Ex-RIAA Boss Ignores All Criticisim Of SOPA/PIPA, Claims Any Complaints Are Trying To Justify Stealing

from the this-is-how-you-got-into-such-a-mess dept

Over the long weekend, Jay Rosen was kind enough to tweet out a link to my recent "definitive" post highlighting all the problems with SOPA and PIPA. Lots of folks picked up on it, but the one that struck me as the most interesting was from Hilary Rosen, who tweeted back:
The Definitive Post?? Think analog. If a store doesn't sell u what u want, u are justified stealing it?
Hilary Rosen, of course, spent many years as the CEO of the RIAA. And while she hasn't been in that job since 2003, she presided over the Napster lawsuit and the beginnings of the Grokster lawsuit. I believe she left just before the RIAA started suing individuals for file sharing. She also appeared to have second thoughts about the strategy she led while in charge of the RIAA. However, this comment suggests otherwise.

Thinking analog has been the major problem that the RIAA (and MPAA, among others) have had for a long, long time. Rosen's big mistake when she was in charge of the RIAA was that she kept thinking analog. Isn't it time, perhaps, that she started thinking digitally?

But, even more to the point, it's getting ridiculous how many people defending SOPA/PIPA are doing so using this logic. They brush off all of the specific concerns, the highlights of problematic language, and they conclude "why are you justifying theft?" Of course, that's ridiculous. Beyond the fact that "theft" and "infringement" are very different (don't get me started), nothing in anyone's complaints about SOPA or PIPA have anything to do with "justifying" infringement. In fact, in the post that was being discussed, we clearly noted that infringement is a problem. We just disagree that PIPA and SOPA are reasonably, or even effective, solutions.

It's really quite ridiculous to lay out in such great detail all of the problems of the bill, only to have someone -- and someone who is partially responsible for the mess the record labels are in today -- brush off the entire thing by falsely stating that we're "justifying stealing." Unfortunately, this kind of "debate" is all too common. It seems that almost no one is interested in actually discussing the problems of the bill. They just insist that if you highlight problems in the bill you're trying to justify something.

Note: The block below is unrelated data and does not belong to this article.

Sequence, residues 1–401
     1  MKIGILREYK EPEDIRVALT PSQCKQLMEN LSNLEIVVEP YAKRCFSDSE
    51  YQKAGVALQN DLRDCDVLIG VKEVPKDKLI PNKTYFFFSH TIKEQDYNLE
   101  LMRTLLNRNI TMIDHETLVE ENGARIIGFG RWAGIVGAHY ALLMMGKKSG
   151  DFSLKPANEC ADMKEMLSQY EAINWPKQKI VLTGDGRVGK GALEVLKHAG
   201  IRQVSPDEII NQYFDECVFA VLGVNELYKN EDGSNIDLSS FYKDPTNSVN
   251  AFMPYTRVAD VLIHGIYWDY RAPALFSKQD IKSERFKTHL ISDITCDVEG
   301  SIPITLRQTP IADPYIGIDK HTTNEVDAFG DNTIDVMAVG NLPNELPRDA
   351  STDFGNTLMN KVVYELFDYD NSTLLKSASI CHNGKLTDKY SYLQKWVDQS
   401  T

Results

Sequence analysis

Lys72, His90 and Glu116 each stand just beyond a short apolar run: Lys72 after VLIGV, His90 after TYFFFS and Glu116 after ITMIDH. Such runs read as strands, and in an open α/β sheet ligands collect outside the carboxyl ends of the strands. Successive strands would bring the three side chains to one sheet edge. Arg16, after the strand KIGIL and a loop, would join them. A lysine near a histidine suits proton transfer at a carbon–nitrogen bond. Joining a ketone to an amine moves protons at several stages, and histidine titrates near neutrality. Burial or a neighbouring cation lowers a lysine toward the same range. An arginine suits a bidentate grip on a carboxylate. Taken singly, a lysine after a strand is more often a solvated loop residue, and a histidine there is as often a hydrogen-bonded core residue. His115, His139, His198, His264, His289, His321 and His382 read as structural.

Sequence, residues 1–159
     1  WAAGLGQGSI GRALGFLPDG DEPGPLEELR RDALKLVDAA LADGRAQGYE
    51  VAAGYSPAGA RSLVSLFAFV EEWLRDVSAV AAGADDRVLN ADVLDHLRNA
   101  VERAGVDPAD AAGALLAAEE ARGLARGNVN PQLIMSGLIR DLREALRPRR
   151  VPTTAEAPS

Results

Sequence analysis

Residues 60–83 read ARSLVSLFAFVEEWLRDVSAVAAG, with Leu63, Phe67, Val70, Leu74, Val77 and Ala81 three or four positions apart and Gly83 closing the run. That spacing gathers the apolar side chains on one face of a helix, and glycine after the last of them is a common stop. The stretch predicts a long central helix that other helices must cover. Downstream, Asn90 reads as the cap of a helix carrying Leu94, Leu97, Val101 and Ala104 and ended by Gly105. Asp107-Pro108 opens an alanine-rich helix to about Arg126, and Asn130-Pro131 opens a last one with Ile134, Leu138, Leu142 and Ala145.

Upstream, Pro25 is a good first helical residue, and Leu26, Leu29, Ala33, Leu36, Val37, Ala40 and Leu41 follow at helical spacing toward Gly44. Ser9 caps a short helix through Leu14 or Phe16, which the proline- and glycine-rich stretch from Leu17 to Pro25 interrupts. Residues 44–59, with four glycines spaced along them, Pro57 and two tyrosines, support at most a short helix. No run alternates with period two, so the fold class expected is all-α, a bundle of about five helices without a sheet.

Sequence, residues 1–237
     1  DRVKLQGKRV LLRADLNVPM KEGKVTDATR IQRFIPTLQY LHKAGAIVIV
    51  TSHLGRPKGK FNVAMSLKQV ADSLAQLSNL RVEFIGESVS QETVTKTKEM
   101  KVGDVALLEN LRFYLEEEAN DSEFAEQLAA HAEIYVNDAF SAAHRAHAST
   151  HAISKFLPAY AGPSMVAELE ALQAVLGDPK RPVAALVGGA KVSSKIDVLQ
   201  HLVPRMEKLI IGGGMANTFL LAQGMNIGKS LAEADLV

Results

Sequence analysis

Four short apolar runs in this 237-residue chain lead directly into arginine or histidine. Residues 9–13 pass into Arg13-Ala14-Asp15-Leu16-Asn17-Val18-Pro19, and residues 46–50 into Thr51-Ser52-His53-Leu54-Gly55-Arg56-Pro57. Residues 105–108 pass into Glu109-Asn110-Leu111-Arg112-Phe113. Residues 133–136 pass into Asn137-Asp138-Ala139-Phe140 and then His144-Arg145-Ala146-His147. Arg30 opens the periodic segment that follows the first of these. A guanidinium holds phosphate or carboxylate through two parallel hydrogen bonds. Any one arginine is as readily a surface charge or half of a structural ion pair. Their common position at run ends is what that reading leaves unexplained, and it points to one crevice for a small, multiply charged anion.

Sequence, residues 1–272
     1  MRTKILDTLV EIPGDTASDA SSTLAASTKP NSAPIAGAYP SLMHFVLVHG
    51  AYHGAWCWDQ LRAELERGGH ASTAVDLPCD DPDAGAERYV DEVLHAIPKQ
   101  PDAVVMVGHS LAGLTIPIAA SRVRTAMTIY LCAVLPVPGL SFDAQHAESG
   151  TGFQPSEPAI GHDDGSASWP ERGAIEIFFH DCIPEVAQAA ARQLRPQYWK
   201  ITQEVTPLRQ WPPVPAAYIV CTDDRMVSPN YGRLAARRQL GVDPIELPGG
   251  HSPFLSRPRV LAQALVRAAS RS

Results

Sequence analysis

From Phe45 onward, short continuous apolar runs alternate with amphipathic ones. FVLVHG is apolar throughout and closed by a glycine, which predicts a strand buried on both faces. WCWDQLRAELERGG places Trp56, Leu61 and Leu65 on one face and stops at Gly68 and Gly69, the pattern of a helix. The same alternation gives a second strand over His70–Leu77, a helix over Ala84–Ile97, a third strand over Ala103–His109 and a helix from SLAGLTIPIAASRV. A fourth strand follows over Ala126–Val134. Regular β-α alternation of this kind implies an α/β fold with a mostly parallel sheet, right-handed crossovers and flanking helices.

Filed Under: copyright, hilary rosen, pipa, protect ip, sopa
Companies: riaa

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  1. icon
    Trails (profile), 28 Nov 2011 @ 10:36am

    Re: At least a decade after widespread broadband, YET NO SOLUTION!

    "That cuts both ways, guys. IF you had a practical solution for the INDUSTRY, it'd have been adopted by now. You just keep asserting that the dinosaurs don't even /want/ to make /more/ money with new methods."

    Sorry, wrong on two fronts. This has been asked and answered several times by mike. Feel free to search, but I've seen it (and seen it pointed out to you several times). Second, and I'm bolding this because it's important, solving large content distributors' business model problems is NOT the responsibility of the tech industry.

    "You continue to dance around the problem of piracy -- of course nearly everyone here denies that they do it, so the whole area shouldn't even matter to you -- while saying that if you can't get what you want, then you WILL pirate it..."
    Mike says the following things on piracy very frequently:
    - It's wrong
    - He doesn't do it
    - He doesn't think other people should do it
    - Studies (with actual published data and methodology) show people who pirate also tend to consume more
    - These laws will not stop piracy.

    This is not dancing.

    "You continue to say that large numbers of artists (at least, rappers and mixers with cheap products, none who sink, say, $100M into a movie) are already using the power of the Internet to get around the gatekeepers, while pointing out that industry profits are up..."
    Ok, not much of a point in this, but many of the artists Mike points to who are using the internet successfully tend to be alternative rock types. Mike points to remixers for a different purpose: showing the cultural value of transformative reuse of content.

    "You continue to insist that piracy is actually good for the industry by "promoting" its products, while of course unable to answer how an instance of consumption without paying in any way results in more income for the content owner."
    I'll give you an example: someone pirates Mass Effect, plays the game, loves it, when Mass Effect 2 comes out on Steam, buys it. Would have ignored but for the pirated Mass Effect. I know several people who have done this.

    Another example: people who pirate and like Metallica, shell out $180/seat for concert tix(despite the fact that Lars Ulrich is an epic douchebag).

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